Project description:Introduction:Advocacy and service-learning increasingly are being incorporated into medical education and residency training. The Jefferson Service Training in Advocacy for Residents and Students (JeffSTARS) curriculum is an educational program for Thomas Jefferson University and Nemours trainees. The JeffSTARS Advocacy and Community Partnership Elective is one of two core components of the larger curriculum. Methods:The elective is a monthlong rotation that provides trainees in their senior year of medical school or residency training the opportunity to learn about health advocacy in depth. Trainees develop a basic understanding of social determinants of health, learn about health policy, participate in legislative office visits, and work directly with community agencies on a mutually agreeable project. The elective provides advocacy training to self-selected trainees from area medical schools and residency programs to develop a cadre of physicians empowered to advocate for child health. Results:JeffSTARS has advanced the field of child health advocacy locally by forging new partnerships and building a network of experts, agencies, and academic institutions. After this experience, trainees realize that their health expertise is very valuable to health advocacy and policy development. JeffSTARS is recognized nationally as one of a growing number of advocacy training programs for students and residents, with trainees presenting selected projects at national meetings. Discussion:Teaching advocacy has raised awareness about social determinants of health, community resources, and the medical home. One of the many benefits of the elective has been to strengthen the skills and expertise of trainees and faculty members alike.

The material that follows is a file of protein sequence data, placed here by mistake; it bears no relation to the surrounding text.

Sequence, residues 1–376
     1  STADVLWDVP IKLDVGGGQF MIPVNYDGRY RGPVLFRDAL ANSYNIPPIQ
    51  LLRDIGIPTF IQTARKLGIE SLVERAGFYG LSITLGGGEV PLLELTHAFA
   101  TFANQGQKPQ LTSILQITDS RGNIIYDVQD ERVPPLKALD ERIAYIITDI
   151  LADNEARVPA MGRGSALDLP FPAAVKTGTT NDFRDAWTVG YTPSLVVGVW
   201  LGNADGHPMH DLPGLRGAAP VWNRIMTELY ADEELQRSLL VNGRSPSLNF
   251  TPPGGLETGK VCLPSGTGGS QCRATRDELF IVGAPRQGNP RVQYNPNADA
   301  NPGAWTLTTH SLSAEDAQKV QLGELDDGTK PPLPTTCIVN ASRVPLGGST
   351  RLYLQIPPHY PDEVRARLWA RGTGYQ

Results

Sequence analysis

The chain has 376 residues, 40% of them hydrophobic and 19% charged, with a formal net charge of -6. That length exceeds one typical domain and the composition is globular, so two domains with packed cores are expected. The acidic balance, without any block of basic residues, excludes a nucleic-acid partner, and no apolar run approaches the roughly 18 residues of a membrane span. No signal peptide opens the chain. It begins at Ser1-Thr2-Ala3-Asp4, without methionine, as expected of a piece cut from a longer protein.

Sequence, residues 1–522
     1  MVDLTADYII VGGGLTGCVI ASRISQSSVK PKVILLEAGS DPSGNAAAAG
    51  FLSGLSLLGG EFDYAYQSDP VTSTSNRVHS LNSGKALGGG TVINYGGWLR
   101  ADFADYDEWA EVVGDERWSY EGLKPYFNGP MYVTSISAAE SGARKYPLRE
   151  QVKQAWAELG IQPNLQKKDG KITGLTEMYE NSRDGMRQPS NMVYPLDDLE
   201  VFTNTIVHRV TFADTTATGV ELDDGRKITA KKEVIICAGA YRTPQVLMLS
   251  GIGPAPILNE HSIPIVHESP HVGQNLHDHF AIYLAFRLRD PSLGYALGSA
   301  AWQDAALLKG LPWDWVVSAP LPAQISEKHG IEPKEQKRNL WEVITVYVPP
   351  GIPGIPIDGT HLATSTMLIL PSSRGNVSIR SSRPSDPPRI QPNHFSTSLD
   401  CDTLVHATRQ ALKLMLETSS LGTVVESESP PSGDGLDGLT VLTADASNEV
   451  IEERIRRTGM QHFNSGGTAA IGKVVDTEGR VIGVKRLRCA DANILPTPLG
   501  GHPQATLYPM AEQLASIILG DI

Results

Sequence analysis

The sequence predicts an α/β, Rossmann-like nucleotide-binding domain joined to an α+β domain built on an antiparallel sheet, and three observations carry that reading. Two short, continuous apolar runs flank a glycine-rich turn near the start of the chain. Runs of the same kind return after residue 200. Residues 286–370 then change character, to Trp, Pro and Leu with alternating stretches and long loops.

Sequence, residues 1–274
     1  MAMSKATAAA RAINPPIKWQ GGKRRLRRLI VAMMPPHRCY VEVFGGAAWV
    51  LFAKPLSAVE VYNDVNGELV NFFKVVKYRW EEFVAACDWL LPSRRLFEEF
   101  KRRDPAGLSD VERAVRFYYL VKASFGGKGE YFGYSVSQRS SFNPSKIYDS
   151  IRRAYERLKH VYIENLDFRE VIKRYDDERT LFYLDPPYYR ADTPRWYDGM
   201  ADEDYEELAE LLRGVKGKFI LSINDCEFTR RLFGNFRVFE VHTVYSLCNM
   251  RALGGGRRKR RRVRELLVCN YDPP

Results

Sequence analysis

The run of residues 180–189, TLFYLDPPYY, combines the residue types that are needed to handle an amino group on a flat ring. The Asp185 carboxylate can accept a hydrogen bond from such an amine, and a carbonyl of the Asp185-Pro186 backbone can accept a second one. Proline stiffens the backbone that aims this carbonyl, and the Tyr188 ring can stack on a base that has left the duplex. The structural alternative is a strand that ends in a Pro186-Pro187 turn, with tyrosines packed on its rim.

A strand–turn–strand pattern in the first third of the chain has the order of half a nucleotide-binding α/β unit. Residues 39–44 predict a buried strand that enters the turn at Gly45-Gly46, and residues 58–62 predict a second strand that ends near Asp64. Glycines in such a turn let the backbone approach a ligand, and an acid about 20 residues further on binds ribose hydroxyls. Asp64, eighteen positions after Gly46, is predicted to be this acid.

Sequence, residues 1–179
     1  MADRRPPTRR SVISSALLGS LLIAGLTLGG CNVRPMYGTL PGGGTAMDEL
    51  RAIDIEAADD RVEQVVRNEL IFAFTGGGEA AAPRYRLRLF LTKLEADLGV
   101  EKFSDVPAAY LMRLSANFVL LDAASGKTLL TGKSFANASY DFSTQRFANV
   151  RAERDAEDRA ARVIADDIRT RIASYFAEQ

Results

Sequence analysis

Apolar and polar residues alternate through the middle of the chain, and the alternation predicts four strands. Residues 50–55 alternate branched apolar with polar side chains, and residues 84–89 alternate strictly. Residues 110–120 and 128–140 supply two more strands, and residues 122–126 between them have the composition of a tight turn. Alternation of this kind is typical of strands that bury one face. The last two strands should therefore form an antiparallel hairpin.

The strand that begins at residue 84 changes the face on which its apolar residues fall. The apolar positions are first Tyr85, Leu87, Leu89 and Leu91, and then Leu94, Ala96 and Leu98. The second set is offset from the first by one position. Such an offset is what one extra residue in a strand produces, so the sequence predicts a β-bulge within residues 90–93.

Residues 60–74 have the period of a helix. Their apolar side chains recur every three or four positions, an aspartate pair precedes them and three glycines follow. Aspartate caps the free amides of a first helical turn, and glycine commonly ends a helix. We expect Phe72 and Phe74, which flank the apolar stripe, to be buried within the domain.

Project description:<h4>Background</h4>There is growing interest in school-based interventions which deliver opportunities for additional physical activity time outside of physical education (PE). A practical and cost-effective approach may be school running programmes. Consequently, many school-based running initiatives are currently being implemented in a grass-roots style movement across the UK. However, research on the implementation of physical activity programmes in schools is notably underdeveloped. Therefore, this qualitative study aimed to better understand the barriers and facilitators to the implementation of a running programme, Marathon Kids (MK), within primary schools in England.<h4>Methods</h4>Two sets of semi-structured interviews were conducted, the first with each of the three core members of staff responsible for MK, and the second with each of the MK school staff Champions from 20 primary schools. Also, nine focus groups were conducted with 55 pupils (6-10 years) from five of the schools; all were analysed using thematic analysis.<h4>Results</h4>Three themes were identified surrounding the barriers and facilitators to implementation: features of the programme (e.g. ethos and resources), school climate (e.g. culture; whole school engagement; PE and physical activity policies and goals; and physical environment) and programme implementation decisions (e.g. aspirations and planning and sustainability).<h4>Conclusion</h4>Findings suggest that the barriers and facilitators to implementation are wide-ranging and include programme, organisational and system-level factors. Collectively pointing towards the need for a preparation period before implementation to understand schools' readiness to implement and context-specific factors, both regarding organisational capacity and programme specific capacity.